Peer review can be done in a variety of ways. By picking one option from each row in the following table, a peer review process can work in practically any combination: TIMING PrePrints Pre-publication Post-Publication IDENTIFIABILITY Blindfolded Blindfolded MEDIATION IS OPEN Editors mediate all interactions between reviewers and authors, and all conversations between reviewers and authors are accessible to the public. Peer reviews are an important part of the process. Peer reviews are an important part of the process. Peer reviews are not public, although they are signed and published. FACILITATION The review process was made easier. The review process was made easier. Authors' review supported by a journal by a third-party OWNERSHIP Review is the owner of this review. The writers of the reviews own the reviews, whether they are held by a journal or a third party. A conventional, blinded peer review procedure for a journal may look like this: Editors moderate all contacts between reviewers and writers; pre-publication; single blind; Peer reviews aren't published; they're enabled by a journal; and the writers of the reviews own the reviews. Working as a reviewer Responsibility in the workplace: Authors who have benefitted from peer review might consider taking on the role of peer reviewer as part of their professional obligations. Some publications need a formal appointment procedure to join the review panel, while others require specialised expertise; anybody interested in becoming a reviewer should seek for the journal's peer review criteria and complete any requirements listed. To acquire the best evaluations possible, editors must match reviewers with the extent of the information in a submission. Potential reviewers should supply journals with correct personal and professional information, as well as verified and accurate contact information, that reflects their competence. It's critical to understand that pretending to be someone else throughout the review process is regarded significant misbehaviour (e.g. see COPE Case 12-12: Compromised peer review in published papers). When asked to evaluate a paper, only accept to do so if you have the relevant knowledge and can be objective in your opinion. When requested to evaluate, it is preferable to indicate any gaps in your knowledge. 2 As a critic, I kept going. Conflicts of interest: Make a list of any potential competing or conflicting interests. If you're not sure if you have a competing interest that would restrict you from evaluating, bring it up. Personal, economical, intellectual, professional, political, or religious conflicts might arise. You should not accept to review if you are presently working at the same institution as any of the authors or have been recent (e.g., within the last three years) mentors, mentees, close collaborators, or joint grant holders. Furthermore, you should not agree to evaluate a manuscript only to get a glimpse of it without intending to submit a review, or agree to examine a manuscript that is extremely similar to one you are working on or that is being considered by another journal. Timeliness: It is polite to reply to a peer review invitation within a reasonable timeframe, even if you are unable to complete the review. If you believe you are qualified to assess a manuscript, you should only accept to examine it if you are able to do so within the requested or mutually agreed-upon time range. If your circumstances change and you are unable to fulfil your initial agreement or require an extension, please notify the journal as soon as possible. If you are unable to review, it is important to give recommendations for other reviewers, based on their competence and free of any personal bias or expectation that the paper would receive a certain conclusion (either positive or negative). Performing a review Steps to get started: Read the paper, supplemental data files, and auxiliary information (e.g., reviewer instructions, needed ethical and policy statements) thoroughly, contacting the journal if anything is unclear, and requesting any missing or incomplete elements. Without the permission of the journal, do not contact the authors directly. Before you begin, make sure you understand the scope of the review (i.e., will you be reviewing raw data?).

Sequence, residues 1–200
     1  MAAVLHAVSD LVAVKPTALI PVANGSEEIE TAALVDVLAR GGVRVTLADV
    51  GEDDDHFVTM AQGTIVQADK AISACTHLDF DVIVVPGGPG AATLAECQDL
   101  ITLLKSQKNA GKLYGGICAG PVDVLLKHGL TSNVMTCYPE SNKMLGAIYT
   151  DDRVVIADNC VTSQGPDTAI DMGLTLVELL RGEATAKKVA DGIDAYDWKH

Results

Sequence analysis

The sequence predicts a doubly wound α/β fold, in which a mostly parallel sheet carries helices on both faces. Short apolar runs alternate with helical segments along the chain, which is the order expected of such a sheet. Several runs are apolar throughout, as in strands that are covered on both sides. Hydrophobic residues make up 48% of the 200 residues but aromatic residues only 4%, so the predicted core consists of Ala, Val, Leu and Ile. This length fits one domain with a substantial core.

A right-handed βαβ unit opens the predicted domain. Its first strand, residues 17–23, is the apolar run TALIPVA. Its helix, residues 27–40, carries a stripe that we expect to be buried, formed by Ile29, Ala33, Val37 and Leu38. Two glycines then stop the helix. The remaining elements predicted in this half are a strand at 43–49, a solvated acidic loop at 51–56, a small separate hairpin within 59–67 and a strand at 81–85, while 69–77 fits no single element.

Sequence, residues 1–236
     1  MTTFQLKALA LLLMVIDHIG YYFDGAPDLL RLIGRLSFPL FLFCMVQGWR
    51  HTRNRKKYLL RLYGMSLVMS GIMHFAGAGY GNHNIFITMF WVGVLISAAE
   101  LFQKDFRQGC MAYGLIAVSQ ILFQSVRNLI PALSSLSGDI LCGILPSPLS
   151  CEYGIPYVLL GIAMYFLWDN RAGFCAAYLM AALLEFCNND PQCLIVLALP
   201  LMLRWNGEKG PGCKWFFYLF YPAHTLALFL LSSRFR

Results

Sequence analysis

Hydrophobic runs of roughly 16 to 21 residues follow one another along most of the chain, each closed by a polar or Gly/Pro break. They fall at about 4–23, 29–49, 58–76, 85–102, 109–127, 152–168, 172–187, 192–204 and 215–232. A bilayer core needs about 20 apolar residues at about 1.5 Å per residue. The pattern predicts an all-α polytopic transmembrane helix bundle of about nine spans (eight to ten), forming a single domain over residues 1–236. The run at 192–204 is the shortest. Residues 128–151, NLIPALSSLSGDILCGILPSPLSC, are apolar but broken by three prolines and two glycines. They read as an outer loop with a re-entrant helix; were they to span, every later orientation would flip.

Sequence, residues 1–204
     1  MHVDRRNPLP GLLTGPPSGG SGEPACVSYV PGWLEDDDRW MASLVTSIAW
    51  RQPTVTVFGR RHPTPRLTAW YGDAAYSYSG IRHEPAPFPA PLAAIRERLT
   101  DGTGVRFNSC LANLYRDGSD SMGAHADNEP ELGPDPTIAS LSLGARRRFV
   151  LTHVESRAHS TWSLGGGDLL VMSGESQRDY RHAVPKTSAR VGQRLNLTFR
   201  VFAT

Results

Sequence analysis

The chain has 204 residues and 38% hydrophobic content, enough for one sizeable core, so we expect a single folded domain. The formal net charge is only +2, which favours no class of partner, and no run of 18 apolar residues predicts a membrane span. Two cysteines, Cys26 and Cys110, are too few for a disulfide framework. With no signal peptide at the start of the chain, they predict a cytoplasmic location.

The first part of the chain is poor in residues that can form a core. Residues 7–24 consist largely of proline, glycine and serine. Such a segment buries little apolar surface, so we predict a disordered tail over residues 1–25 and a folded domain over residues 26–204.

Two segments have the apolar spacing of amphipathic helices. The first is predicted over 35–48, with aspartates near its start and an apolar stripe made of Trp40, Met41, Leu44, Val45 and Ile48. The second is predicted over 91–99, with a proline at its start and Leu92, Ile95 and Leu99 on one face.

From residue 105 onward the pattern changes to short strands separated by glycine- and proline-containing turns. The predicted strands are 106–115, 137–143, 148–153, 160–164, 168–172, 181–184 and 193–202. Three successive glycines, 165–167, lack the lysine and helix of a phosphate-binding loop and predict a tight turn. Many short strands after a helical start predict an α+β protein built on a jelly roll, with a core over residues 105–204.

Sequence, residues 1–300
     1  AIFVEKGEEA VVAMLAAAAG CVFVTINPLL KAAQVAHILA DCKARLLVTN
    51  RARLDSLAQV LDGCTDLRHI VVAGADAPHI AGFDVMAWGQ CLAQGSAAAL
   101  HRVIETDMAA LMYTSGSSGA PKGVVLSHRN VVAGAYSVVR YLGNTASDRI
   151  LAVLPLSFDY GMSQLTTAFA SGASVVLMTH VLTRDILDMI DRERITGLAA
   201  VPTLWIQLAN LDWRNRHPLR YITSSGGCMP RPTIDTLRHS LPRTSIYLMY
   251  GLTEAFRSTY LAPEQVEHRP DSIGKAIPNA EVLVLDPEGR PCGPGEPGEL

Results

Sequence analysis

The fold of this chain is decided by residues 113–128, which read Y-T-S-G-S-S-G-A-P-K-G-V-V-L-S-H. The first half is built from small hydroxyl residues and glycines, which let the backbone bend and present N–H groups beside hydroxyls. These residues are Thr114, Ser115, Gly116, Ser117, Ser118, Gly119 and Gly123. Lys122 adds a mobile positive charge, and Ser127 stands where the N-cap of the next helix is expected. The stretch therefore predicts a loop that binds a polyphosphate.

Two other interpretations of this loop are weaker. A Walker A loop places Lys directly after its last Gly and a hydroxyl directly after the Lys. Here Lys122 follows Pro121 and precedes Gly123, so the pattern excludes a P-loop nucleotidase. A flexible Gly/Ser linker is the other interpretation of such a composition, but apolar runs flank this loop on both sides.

Confidentiality: Respect the confidentiality of the peer review process, and do not use information received during the peer review process for your own or another's benefit, or to harm or disparage others (e.g. see COPE Case 14-06: Possible breach of reviewer confidentiality). Without first getting permission from the journal, do not include anyone else in the evaluation of a submission (even early career researchers you are mentoring) (e.g. see COPE Case 11-29: Reviewer asks trainee to review manuscript). Any persons who assisted with the review should have their names provided so that they may be linked to the paper in the journal's database and given proper credit for their services. Conflicts of interest and bias: It is critical to maintain objectivity when considering country, religion or political opinions, gender or other characteristics of the writers, manuscript sources, or commercial factors. Notify the journal and seek guidance if you detect a conflicting interest that would prohibit you from offering a fair and unbiased evaluation (e.g. see COPE Case 15-05: Reviewer requests to be added as an author after publication). While you wait for a response, don't look at the manuscript or any accompanying materials in case the request to review is cancelled. Similarly, contact the journal as soon as feasible if you discover you lack the appropriate competence to evaluate the relevant components of a submission so that the review process does not become unreasonably slowed. If you suspect the author(s) identity during doubleblind review, contact the journal if this information concerns any possible competing or conflict of interest.